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The Olympic Winter Games: Catalyst for Climate Solutions
The snow-challenged Sochi Olympics contribute to climate change rather than work to fix it, but the Games should be a force for reducing emissions and slowing global warming
As sports commentators and news reporters from all over the world endlessly discuss Sochi's not-so-cold weather and Olympian efforts to improve snow conditions, they often fail to mention that balmy winters may become the new normal in many long-established ski destinations, thanks to our changing global climate.
By tradition, the Olympic Games bring global issues to center stage, concerns that often have little to do with the athletic events themselves. From the 1968 Black Power salute of medal winners Tommie Smith and John Carlos in Mexico City to the 1980 and 1984 boycotts by the US and the USSR, respectively, the Olympics have repeatedly placed the world's most pressing concerns and crises in front of a world audience.
The time for acting to avoid climate catastrophe is melting away as fast as the snow and ice. The Olympic Winter Games, a wonderful world celebration of the enjoyment we all experience in snowy landscapes, is the perfect catalyst to provoke passion around climate change.
The Olympics can generate momentum for climate solutions in three ways: (1) by focusing international attention on the impacts of reduced snowpack and glacial melt on winter sports; (2) by constructing state-of-the-art, climate-neutral facilities, transportation networks, and even entire cities; and (3) by uniting the disparate states of the world to confront one issue that affects us all: global warming.
First, the Olympic Winter Games provide a quadrennial opportunity to bring the effects of climate change to the world's attention while all eyes are affixed to cold-weather sport. Athletes from across the globe should come together to pressure world leaders to develop a strategy for climate action.
Many competitors are hesitant to stir up controversy around the Olympics. But athletes determined to stand up against Russian laws that discriminate based on sexual identity provide evidence that the Games remain a great stage for social protest.
Also, Winter Olympians may shy from taking a stand on climate because of the large carbon footprints they leave behind chasing cold weather around the globe. Nobody wants to be called a hypocrite, but Olympic athletes have the perfect platform from which to raise awareness and foment support – and the audience for winter sports is this big only once every four years.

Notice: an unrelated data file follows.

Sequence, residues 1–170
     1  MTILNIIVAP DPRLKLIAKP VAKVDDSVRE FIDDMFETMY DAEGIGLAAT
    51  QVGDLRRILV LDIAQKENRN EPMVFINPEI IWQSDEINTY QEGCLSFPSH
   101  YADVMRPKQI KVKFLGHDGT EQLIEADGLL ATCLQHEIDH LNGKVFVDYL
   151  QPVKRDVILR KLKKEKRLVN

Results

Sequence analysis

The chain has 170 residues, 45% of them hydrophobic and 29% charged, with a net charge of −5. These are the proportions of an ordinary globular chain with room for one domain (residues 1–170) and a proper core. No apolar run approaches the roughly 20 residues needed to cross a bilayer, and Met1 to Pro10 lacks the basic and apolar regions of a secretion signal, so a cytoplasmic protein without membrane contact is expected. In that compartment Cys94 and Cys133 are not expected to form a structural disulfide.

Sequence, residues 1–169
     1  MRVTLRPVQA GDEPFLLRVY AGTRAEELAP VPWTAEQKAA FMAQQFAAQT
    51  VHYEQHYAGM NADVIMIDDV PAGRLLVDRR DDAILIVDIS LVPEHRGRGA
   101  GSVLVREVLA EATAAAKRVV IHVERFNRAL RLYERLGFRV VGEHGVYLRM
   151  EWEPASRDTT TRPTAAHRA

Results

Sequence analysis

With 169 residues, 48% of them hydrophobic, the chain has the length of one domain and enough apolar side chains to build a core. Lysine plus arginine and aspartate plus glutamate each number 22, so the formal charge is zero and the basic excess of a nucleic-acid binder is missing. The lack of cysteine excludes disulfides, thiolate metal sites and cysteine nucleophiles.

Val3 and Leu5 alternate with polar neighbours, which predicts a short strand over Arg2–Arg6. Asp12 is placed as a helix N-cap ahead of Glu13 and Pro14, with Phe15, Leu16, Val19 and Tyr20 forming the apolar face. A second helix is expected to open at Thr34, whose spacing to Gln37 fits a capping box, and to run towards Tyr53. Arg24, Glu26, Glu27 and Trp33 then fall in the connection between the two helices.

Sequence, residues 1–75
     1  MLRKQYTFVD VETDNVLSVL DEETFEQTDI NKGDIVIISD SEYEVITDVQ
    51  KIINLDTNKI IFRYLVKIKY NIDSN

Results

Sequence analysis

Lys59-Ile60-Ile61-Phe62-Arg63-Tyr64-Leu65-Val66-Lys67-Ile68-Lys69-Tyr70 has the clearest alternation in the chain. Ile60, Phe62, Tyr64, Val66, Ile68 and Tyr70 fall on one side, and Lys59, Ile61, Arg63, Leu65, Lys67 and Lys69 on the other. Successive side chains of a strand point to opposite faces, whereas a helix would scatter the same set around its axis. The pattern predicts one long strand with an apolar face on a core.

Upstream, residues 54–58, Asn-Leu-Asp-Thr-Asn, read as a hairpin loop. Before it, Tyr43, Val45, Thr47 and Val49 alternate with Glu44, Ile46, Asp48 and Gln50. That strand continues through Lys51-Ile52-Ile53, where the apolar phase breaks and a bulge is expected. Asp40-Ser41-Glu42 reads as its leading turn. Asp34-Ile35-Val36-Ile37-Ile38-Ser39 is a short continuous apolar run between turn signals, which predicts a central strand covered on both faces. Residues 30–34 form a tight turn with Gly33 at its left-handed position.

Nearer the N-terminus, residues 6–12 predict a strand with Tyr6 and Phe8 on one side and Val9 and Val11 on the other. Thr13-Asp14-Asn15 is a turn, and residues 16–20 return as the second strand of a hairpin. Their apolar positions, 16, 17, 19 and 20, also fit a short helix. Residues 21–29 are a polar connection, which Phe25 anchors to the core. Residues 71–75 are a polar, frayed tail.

Second, constructing and staging an ecologically mindful Olympics can generate excitement over the potential of clean technology to produce built environments that support massive human activity without the support of fossil fuels.
Olympic construction provides the opportunity to make a statement: "This is the state of low-carbon technology in 2014." We might discover that we are already capable of creating climate-neutral urban environments with a $50 billion budget like that of the Sochi Olympics – especially if the money goes entirely to Olympic preparations rather than embezzlement and kickbacks.
I imagine mass transit on rails shuttling people and equipment between Sochi and the Caucasus Mountains rather than crowded superhighways connecting city to slopes. I imagine wind turbines extending upward from chairlift towers; passively designed houses and arenas that maintain room temperature with minimal energy consumption; waste-to-energy facilities that supply the grid with electric power and produce liquid biofuels for Zambonis and snow groomers; and solar water heaters, rainwater catchments, and carbon-sequestering gardens on every roof.
Rather than greening the Games, the Dow Chemical Company, Official Carbon Partner of Sochi 2014, will allegedly offset the climate impact of this year's Olympics through emission reductions across Russia. In fact, they've already taken credit for climate neutrality.
If an Olympic host creates zero-emission structures and infrastructure while performing onsite mitigation projects to counterbalance air travel and construction emissions that cannot be avoided, then the entire host city will be greened, literally with carbon-absorbing vegetation and in terms of sustainability.
Lastly, the Olympic Games are special because the nations of the world assemble to celebrate something we all have in common: sport.
The reality of our changing climate is another experience that the whole world shares; around the world, people face many symptoms of the same disease – rising seas, shifting weather patterns, species dislocation, intensified storms, and threatened winter sports.
Let’s hope this is the last Winter Olympic Games to ignore the opportunity to place the threat of climate change on the world stage.